1 – Introduction and Clue #1
2 – Clue #2: What Kind of Desolation?
3 – Clue #3: “Overspreading of Abominations” in a Time of War
4 – Clue #4: The “God of Forces”
5 – Clue #5: Better Perspective on Matthew 24
6 – Clue #6: Historical Precedents
7 – Clue #7: Perspective of Ancient Times
8 – Clue #8: What about Daniel 11:31 and 12:11?
9 – Clue #9: Idol Worship in a Secular World?
10 – Clue #10: “Image” and “Abomination” – Separate Inventions
11 – Summary
12 – Appendix: News Articles
Clue #8 – What about Daniel 11:31 and 12:11?
These verses contain the phrases, “shall place the abomination”, and “the abomination that maketh desolate set up.” Both sound as if an idol is being installed.
But there’s more to these expressions than meets the eye. The words “place” and “set up” were both translated from a very common Hebrew word meaning “to give”. It’s one of those catch-all words that can be used in many different ways. This was common in ancient languages whose vocabularies were limited compared to modern English.
As a result translators often had to do some guesswork and judge a word’s meaning by its context. For example, in Daniel 11:31 it would be inappropriate to say, “arms. . . shall give the abomination”. Thus, a translator would normally insert some other word instead.
Since the setting for the abomination was the “holy place”, the translator must have assumed that the phrase “abomination that maketh desolate” was talking about an idol. And so to go along with that assumption he chose the words “place” and “set up”.
But now here we have to understand that a person’s cultural environment tends to influence his outlook and choice of words. And way back in 1611 the KJV translators didn’t have access to the information we have now – the benefit of enough historical hindsight – to understand what this phrase really meant. In our modern world we have these engines of destruction, these desolating abominations, and we’ve even seen them enter into “holy places”. And so a modern translator could use a word like “deliver” or “send” instead. “Arms. . . shall send in the abomination that makes desolate”.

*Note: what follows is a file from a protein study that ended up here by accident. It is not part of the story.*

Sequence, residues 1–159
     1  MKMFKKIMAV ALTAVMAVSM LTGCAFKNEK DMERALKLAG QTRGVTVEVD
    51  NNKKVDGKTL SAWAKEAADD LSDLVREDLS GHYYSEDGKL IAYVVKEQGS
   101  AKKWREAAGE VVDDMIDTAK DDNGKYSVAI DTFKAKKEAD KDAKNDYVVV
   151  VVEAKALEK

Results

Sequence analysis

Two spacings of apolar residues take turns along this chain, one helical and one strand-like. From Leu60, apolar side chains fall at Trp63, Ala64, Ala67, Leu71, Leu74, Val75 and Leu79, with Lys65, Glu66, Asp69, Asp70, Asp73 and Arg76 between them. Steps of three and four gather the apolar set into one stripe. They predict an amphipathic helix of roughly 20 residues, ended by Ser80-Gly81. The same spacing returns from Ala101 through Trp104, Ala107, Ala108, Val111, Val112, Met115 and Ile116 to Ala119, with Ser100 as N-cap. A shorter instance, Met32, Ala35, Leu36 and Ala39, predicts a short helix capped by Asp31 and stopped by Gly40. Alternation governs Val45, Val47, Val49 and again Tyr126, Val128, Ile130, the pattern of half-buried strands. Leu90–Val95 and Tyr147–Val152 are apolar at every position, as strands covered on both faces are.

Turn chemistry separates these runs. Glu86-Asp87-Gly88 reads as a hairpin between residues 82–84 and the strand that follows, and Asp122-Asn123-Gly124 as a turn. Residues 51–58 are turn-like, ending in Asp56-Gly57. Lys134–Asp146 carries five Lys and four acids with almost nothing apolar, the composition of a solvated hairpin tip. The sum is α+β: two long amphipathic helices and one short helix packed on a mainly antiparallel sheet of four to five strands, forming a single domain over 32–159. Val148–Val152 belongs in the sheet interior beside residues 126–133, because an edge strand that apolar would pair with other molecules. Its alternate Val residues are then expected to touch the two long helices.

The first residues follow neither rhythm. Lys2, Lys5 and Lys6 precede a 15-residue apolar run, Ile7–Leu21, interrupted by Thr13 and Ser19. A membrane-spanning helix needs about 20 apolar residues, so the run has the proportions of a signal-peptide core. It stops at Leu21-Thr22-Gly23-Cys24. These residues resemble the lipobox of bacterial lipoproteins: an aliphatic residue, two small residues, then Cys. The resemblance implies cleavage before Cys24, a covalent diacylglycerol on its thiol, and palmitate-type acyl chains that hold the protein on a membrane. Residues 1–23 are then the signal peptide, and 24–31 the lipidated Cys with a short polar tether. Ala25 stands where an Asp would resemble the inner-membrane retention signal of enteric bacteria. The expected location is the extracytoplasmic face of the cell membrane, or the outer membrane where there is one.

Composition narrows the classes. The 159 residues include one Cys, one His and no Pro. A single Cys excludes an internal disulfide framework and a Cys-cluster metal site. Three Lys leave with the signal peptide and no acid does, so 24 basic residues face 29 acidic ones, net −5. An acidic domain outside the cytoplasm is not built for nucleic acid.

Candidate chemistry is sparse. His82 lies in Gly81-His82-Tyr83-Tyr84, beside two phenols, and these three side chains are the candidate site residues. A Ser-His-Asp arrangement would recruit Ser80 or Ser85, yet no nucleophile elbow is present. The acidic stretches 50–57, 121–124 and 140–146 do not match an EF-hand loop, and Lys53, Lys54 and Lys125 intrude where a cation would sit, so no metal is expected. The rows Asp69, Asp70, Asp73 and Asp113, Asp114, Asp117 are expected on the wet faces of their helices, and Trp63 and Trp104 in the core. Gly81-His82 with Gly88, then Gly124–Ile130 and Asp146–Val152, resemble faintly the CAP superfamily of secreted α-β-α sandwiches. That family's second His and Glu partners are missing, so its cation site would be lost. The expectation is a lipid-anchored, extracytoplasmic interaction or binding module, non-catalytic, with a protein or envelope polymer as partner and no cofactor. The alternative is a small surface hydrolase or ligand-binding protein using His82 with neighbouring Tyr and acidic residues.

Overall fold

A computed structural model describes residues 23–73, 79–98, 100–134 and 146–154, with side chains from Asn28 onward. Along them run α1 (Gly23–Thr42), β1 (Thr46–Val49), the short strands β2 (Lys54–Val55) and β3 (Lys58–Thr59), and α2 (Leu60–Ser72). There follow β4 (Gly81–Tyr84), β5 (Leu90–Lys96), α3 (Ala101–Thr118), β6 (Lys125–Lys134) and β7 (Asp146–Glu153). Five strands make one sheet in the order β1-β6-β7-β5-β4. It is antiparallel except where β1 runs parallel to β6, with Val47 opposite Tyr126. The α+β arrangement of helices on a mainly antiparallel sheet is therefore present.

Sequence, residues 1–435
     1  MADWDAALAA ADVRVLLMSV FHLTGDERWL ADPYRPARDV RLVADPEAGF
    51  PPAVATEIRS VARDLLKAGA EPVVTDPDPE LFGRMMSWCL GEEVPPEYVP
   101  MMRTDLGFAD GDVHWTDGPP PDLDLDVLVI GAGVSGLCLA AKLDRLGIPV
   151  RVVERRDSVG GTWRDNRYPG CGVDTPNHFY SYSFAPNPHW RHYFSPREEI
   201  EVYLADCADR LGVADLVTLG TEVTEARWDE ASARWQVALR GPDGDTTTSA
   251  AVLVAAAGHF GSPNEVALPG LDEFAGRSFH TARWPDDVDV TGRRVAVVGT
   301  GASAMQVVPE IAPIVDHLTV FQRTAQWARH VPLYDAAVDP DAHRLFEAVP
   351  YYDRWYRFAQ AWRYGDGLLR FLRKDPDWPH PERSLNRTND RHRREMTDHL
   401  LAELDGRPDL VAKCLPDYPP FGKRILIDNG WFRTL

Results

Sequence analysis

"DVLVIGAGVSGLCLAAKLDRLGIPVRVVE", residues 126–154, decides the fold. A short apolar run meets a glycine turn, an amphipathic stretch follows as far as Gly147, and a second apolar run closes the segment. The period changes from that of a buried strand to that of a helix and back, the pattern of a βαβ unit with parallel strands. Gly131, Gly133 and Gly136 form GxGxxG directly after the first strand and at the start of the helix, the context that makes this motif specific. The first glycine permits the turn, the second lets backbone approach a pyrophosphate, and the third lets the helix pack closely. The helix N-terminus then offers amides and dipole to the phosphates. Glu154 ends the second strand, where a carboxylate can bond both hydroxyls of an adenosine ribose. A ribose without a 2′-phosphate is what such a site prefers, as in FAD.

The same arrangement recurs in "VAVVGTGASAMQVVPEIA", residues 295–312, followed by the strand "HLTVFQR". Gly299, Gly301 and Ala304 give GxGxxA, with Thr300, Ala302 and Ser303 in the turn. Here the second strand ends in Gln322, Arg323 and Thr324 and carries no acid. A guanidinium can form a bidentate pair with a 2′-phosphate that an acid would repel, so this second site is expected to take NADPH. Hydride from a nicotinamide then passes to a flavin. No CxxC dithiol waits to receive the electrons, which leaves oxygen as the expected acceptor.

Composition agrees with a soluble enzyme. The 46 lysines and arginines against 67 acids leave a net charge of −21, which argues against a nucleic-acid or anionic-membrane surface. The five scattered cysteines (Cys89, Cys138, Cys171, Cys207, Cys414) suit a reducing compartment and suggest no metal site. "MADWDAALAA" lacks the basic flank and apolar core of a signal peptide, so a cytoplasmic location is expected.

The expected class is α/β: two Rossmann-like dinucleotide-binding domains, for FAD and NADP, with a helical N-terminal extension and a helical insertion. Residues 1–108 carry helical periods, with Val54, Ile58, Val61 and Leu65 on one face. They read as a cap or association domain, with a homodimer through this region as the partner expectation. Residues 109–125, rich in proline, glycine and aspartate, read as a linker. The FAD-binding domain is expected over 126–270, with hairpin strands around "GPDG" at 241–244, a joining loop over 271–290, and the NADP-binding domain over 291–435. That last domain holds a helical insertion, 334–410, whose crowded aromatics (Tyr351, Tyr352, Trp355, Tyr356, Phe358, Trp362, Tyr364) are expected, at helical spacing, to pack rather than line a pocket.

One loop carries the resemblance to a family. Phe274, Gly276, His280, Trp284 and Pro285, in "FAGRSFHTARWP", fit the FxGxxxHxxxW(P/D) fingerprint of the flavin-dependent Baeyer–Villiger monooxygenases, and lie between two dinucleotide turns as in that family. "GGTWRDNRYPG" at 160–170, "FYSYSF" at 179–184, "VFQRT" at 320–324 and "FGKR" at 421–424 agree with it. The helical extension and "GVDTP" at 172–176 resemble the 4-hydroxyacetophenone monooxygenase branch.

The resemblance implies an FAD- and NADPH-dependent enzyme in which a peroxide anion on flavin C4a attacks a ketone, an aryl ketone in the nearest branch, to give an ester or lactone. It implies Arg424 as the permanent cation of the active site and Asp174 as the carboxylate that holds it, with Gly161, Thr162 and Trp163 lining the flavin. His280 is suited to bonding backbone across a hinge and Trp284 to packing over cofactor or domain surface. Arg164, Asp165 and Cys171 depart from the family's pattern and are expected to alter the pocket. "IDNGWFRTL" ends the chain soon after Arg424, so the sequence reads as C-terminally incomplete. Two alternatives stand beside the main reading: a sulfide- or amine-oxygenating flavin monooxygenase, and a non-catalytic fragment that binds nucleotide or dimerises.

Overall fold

Modern translations have not done so, however – probably because of the influence and limitations set down by venerable scholars of the past. It has been too difficult to step “outside the box” of past thinking, to escape the boundaries set by former interpreters who had convinced themselves and everyone else that this had to be talking about an idol.
But we need to think differently and re-translate some of these ancient words according to an understanding of modern developments and inventions. Our interpretation of certain passages needs to catch up with the realities of our present world, not be stuck in the world of the past so much.
Anyway, getting back to these tricky words, “place” and “set up”, here are a few helpful facts and figures (information based on Young’s Analytical Concordance to the Bible in the section “Index-Lexicon to the Old Testament”):
In the original Hebrew the word nathan (meaning “give”) appears 1,973 times in the Old Testament (King James Version). Out of this number the word was translated as “give” 1,023 times, and the rest of the 950 times, the word “nathan” was assigned a myriad of 66 varying translations, including the ones in Daniel 11:31 and 12:11 – “place” (used 4 times) and “set up” (used only once).
So, all that to say, this word nathan was a pretty flexible one, and to get the right translation of it requires an accurate knowledge of what the passage is talking about, its proper context. (And way back in 1611 they didn’t have that.)
Some of the words, used in other passages to translate nathan, could easily describe the arrival of a war engine of destruction into the “holy place” – words such as “send”, “deliver”, “bring forth”, “set forth”, “shoot”, “thrust”. To conclude, we do not always have to make our theory conform to the translation; instead, in many cases like this one, we can adjust the translation a bit to suit the modern reality.
One last minor point: In Matthew 24:15 and Mark 13:14 the abomination of desolation is pictured as “standing in the holy place”. We might think this carries the idea that something is going to be installed there. But “standing” can just as easily convey the idea that an object moves to a certain spot, stands there for awhile, and then moves on.